I don't think I've ever sobbed out loud at a book before, but this one took me there. But I also laughed aloud, many times. An author honestly addressI don't think I've ever sobbed out loud at a book before, but this one took me there. But I also laughed aloud, many times. An author honestly addresses the oblivion we all face, with humor and grace. Hazel Grace. I just finished it and I'm kind of speechless. It just couldn't be any better than this....more
I kind of wanted to despise this book, but after two weeks I can't stop thinking about it everywhere I go. When I read on my iPad, check Facebook on mI kind of wanted to despise this book, but after two weeks I can't stop thinking about it everywhere I go. When I read on my iPad, check Facebook on my phone, happen across an article about nanotechnology and anti-aging, hear an NPR report about airline passengers socially networking before they board the plane, or glance through photos of an Occupy encampment, it just brings back all the feelings of trepidation and excitement inherent in this book. Shteyngart creates such a rich and realistic narrative world that's both familiar and alien at once, that it just feels true – or like it *could* (will?) be true. Read it, and I guarantee it will affect you. Whatever the reaction, I find that there aren't many books that do that....more
Re-reading, in honor of the movie coming out in March, for which I have high hopes.
This is the ultimate graphic novel, but I admit it was a shock at fRe-reading, in honor of the movie coming out in March, for which I have high hopes.
This is the ultimate graphic novel, but I admit it was a shock at first to deal with what look like cheesy comic book graphics. (Especially compared to the sleek, stylized, modern look of so many graphic novels available these days.) In the end, though, the plot is remarkably enhanced by the art. In what other book form can a lack of dialogue convey so much? The expressions of the characters are priceless.
If you've read it once, I recommend a second pass – the plot progression and side stories are so much clearer, and the motivations of the characters is easier to follow.
Yes, colloquial, and yes, written from a first-person perspective where personal experience is relied upon quite a bit, but wow! The information and lYes, colloquial, and yes, written from a first-person perspective where personal experience is relied upon quite a bit, but wow! The information and levels of thought presented in this book was so much more interesting because of the way it was told.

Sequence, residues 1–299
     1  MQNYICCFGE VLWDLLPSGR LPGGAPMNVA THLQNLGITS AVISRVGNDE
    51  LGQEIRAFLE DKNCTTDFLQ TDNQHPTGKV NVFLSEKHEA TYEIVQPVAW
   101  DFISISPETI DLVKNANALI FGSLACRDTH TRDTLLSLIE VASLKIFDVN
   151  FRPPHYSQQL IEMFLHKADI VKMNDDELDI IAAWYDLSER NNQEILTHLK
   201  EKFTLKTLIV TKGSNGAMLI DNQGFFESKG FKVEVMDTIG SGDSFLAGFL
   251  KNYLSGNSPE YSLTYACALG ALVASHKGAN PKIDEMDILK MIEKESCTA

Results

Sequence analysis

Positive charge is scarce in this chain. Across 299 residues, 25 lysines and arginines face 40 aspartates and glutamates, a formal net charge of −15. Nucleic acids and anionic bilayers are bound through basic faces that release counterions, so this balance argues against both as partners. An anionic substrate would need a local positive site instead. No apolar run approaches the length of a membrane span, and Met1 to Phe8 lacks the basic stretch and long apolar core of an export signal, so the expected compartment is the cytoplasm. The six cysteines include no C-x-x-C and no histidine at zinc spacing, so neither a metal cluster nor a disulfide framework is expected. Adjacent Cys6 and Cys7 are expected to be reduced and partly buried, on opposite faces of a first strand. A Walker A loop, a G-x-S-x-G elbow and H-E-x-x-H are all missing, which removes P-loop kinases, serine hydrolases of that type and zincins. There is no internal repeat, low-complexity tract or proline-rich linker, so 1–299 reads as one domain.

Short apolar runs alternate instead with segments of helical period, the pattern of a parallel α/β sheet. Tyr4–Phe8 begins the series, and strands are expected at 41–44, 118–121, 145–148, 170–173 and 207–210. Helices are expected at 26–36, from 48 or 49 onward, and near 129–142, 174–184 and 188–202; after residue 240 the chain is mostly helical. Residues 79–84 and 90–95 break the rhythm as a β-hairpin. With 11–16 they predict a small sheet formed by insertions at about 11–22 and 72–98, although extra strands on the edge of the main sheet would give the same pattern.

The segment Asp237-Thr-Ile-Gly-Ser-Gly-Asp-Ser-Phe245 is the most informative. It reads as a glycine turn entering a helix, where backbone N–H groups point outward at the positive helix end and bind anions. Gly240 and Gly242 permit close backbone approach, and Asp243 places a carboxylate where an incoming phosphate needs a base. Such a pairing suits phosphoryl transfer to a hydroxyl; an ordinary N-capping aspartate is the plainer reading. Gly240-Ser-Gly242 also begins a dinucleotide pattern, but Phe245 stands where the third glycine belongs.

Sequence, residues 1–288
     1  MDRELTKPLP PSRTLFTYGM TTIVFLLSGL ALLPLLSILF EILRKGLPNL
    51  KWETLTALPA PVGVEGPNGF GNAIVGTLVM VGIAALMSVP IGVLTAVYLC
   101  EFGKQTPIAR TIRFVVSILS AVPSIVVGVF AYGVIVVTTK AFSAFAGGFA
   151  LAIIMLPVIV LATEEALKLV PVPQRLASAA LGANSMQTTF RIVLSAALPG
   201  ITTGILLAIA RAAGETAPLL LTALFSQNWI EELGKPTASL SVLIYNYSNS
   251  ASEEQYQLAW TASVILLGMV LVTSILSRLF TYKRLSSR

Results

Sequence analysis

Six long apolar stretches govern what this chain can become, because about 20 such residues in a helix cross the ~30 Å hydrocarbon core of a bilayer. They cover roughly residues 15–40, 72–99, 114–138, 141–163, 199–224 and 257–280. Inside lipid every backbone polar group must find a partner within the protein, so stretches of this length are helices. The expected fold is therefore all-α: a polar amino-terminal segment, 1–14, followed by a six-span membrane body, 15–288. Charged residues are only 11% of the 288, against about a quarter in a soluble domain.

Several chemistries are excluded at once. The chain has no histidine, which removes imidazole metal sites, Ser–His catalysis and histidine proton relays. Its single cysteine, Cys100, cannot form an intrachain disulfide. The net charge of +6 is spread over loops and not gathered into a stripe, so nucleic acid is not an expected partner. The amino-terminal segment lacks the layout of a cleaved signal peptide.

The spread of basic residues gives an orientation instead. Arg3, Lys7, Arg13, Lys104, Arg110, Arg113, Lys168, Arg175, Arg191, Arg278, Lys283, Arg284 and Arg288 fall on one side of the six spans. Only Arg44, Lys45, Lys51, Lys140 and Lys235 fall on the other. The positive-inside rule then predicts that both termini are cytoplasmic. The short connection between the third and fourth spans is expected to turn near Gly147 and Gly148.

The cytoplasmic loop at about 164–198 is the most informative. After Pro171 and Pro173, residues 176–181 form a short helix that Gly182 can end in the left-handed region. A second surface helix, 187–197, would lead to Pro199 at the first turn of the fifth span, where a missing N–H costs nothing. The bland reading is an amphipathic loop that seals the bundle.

This book is presented as a kind of journey through modern American food and our (perhaps lack of) food culture. Pollan is an amiable narrator who sets out to figure out exactly where our food comes from. He realizes that in the last few decades, "food" applies to more substances than ever before, many of them are man-made or processed, and that different Americans have very different ideas about what constitutes food. Thus, he tackles four main sources of the diet: fast food, groceries (traditional and organic), sustainable farming and finally, hunting/gathering, which is more of a philosophical approach than anything else.
Pollan does not pretend to be writing a completely unbiased work, and because it is based on so much personal experience, he expresses his opinion about the future of food in America rather clearly through example and statistics. I completely identify with his impulse to support local farming, and in fact I started getting a vegetable box delivered soon after I read this. Granted, he lives in Berkeley, and I myself live in San Francisco, so our collective zeitgeist is pretty similar. However, I have heard complaints from people in less fortunate farming areas that his ideas of sustainable, local farming, being non-scalable, are simply not a solution. What's great is, Pollan doesn't presume to have the answer. He's just starting the discussion....more
Finally, after a truly enthusiastic start, followed by months of putting down and picking up again, eventually to trudge through what I considered theFinally, after a truly enthusiastic start, followed by months of putting down and picking up again, eventually to trudge through what I considered the slower bits, I finished this book with as much vigor as I began it. And what a feeling! I cannot describe it.
Truly a work of genius in ways I am unable to relate myself, Against the Day is a mammoth of a book, but so fascinating, for its characters, its sense of time and space, and its whorl of a plot. It struck me as distinctively SteamPunk, set in the age when reason began to win out over superstition, and with striking themes of potential, energy, and light hovering between the layers of what we now accept as reality.
There's absolutely no point in trying to relay what this novel is "about", but suffice it to say it's a masterpiece....more